Paul Ducklin at Sophos wrote: “Think of the big security stories of recent months. Security holes like KRACK [and Meltdown]; a plethora of ransomware attacks ending in extortion; data breaches that were big, bigger or biggest, there are plenty of candidates for the story that got the most attention.
In contrast, phishing attacks rarely make the news these days, even though (or perhaps precisely because) there are so many of them.
Somehow, phishing seems to have turned into an “obvious” problem that everyone is expected to have experienced, learned from, got the better of, and moved on.
But phishing is still big business for cybercriminals: in the last week alone, for example, SophosLabs intercepted phishing attacks that abused the brands of many financial institutions.
Organisations that had their brands hijacked in this way in the past few days include: eBay, PayPal, VISA, American Express, Bank of America, Chase, HSBC, National Australia Bank – and that’s just a random subset of the list, in one industry sector.
Protecting your brand against abuse by phishers is, sadly, as good as impossible, especially if your brand is well-known and widely advertised.”
He is right, phishing and spear-phishing are still the bad guys’ No. 1 infection vector of choice. This Scam Of The Week covers a phishing campaign that hijacked the Netflix brand.
This phish tries to trick you into handing over your login details, your credit card data, your mugshot and your ID. Here is how the lure looks:
(Note the simple trick, right there in the subject line, of not spelling out the brand-theft text “Netflix” exactly: the crooks wrote the
X as the Greek letter chi, so that
Netflix came out as
Netfli𝛘.) Next, you wind up here and that’s where they steal your credentials. But wait, there’s more…
Next, they steal your credit card data:
And trying to keep you on the hook they throw in a Verfied by VISA page:
And to add insult to injury, they also make you confirm your identity by taking a selfie holding your identity card. Yikes:
And then they redirect you to the real Netflix login page to keep you in the dark as long as possible.
Ducklin came up with some very good suggestions related to a sophisticated scam like this, so with grateful acknowledgements to Sophos, I suggest you send the following to your employees, friends, and family.
You’re welcome to copy, paste, and/or edit:
There is a new sophisticated Netflix phishing attack you need to watch out for. They start very nice that they have some trouble with your billing info, and pretty please with sugar update your payment details. But if you fall for it, they will try to steal your login details, your credit card data, your picture and your ID! Here are the things to Think About Before You Click!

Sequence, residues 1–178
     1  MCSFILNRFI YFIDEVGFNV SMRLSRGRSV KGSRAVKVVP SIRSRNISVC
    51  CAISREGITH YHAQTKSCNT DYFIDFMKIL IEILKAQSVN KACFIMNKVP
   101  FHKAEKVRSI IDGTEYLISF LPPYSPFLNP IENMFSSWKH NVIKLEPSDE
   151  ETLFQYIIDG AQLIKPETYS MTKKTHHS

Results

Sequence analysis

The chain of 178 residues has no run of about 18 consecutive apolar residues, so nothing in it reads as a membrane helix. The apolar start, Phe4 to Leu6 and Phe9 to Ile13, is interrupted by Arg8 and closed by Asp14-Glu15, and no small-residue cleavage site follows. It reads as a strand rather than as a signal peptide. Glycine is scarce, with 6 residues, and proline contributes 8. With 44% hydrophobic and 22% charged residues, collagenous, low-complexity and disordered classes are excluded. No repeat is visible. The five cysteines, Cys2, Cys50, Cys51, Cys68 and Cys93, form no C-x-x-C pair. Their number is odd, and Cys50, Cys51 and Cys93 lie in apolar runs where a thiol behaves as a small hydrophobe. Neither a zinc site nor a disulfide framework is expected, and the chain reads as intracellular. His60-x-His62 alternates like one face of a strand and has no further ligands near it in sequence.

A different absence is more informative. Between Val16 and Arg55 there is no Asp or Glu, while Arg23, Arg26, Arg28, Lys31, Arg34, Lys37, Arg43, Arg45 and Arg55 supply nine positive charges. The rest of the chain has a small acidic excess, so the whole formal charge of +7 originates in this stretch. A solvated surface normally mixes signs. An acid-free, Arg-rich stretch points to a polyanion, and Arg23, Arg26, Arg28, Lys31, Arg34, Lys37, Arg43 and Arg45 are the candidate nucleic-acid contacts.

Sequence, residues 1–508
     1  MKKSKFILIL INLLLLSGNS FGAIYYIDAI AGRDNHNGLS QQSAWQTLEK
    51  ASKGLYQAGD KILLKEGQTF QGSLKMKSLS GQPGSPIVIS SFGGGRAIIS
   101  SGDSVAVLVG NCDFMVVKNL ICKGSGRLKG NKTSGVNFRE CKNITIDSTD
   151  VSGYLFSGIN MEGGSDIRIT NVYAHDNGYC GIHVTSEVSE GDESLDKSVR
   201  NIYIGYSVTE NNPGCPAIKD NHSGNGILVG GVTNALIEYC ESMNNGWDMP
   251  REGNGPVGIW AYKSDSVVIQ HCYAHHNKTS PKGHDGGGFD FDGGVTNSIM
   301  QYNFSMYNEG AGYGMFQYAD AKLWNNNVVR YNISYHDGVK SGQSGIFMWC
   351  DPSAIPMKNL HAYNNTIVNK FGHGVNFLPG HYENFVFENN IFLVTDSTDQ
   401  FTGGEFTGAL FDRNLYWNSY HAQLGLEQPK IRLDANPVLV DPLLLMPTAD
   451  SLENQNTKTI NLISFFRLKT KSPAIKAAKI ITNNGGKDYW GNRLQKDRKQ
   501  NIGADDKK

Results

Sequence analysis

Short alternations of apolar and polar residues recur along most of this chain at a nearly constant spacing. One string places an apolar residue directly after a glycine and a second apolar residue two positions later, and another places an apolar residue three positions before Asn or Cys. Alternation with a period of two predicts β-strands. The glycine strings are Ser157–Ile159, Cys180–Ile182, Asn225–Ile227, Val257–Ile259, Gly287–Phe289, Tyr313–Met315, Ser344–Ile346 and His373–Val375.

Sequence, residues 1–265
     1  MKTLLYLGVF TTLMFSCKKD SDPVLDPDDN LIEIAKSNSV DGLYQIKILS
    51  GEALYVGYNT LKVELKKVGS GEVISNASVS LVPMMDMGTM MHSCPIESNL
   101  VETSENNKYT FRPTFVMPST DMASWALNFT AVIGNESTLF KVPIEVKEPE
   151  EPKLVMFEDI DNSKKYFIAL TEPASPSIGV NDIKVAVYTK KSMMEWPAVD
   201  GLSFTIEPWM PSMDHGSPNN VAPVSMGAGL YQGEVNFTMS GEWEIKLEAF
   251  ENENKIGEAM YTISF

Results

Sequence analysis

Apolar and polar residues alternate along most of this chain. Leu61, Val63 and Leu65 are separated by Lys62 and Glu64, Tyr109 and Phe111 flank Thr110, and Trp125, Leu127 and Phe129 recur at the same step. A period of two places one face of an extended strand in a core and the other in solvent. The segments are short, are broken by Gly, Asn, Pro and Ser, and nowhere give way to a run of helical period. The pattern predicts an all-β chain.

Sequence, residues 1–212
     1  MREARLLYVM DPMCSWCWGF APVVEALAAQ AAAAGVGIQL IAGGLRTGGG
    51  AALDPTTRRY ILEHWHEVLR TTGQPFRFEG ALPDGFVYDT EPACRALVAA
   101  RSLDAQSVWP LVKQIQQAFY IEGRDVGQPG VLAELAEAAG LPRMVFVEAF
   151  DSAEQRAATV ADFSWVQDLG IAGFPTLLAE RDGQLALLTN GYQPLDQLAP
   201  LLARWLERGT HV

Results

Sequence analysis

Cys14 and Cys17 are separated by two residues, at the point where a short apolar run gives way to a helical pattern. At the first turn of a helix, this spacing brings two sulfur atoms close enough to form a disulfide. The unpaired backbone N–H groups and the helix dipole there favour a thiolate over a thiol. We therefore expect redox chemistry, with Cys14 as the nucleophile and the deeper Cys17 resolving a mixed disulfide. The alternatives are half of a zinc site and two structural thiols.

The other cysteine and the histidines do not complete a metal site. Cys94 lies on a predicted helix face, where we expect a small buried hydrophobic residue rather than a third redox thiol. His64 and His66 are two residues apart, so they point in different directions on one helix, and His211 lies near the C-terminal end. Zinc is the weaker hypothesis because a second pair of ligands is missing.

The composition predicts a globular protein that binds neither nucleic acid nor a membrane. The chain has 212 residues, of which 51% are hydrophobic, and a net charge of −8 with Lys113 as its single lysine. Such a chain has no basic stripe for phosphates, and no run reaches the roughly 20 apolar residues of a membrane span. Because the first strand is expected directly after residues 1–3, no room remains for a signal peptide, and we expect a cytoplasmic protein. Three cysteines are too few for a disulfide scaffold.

- Never click on a login link or an account verification link in an email. If there is one, bail.
- Check for the green HTTPS padlock. If there isn’t one, bail.
- But if there is a padlock, check the name of the site. If it’s not exactly what you expect, bail.
- Don’t ignore telltales such as spelling and grammar errors. If it looks wrong, bail.
- Guard your ID closely. If you’re asked for a selfie or ID when it isn’t absolutely necessary, bail.
Let’s stay safe out there.
Founder and CEO, KnowBe4, Inc
Wouldn’t it be great if your users had a way to “roll back time” when they forgot to think before they click on a bad link? Now they can!
KnowBe4 is excited to announce Second Chance, a brand-new security tool for the Outlook email client that you can download and deploy at no cost.
Second Chance enables your user to make a smarter security decision by giving them a way to back out of that click.
Second Chance takes an intelligent look at the clicked URL in email, and asks your user if they are sure they want to do this, in case they clicked on a potentially unsafe or an unknown website. It even prompts your user when they click on a Punycode link!
You might ask: “What happens if my user continues or aborts their action?” If they choose to abort their action, the prompt will be closed, and the URL will not be opened. If they choose to continue, their browser will navigate to the URL they clicked on.
Here’s how it works:
- Checks links originated in email messages, including attached Office Documents and PDFs
- Set the message your user gets after clicking a URL
- Set “No Prompt” domains
- Install it standard, command-line or GPO
- Get reporting data on what URL users chose to abort or continue to share with management
Second Chance could one day be the difference between a ransomware infection and a free weekend. Give it a try!
Requirements: Windows 7 (32 or 64 bit) and higher, all installed versions of Outlook 2007 and higher, .NET 4.0 or newer.
Based Blockchain Network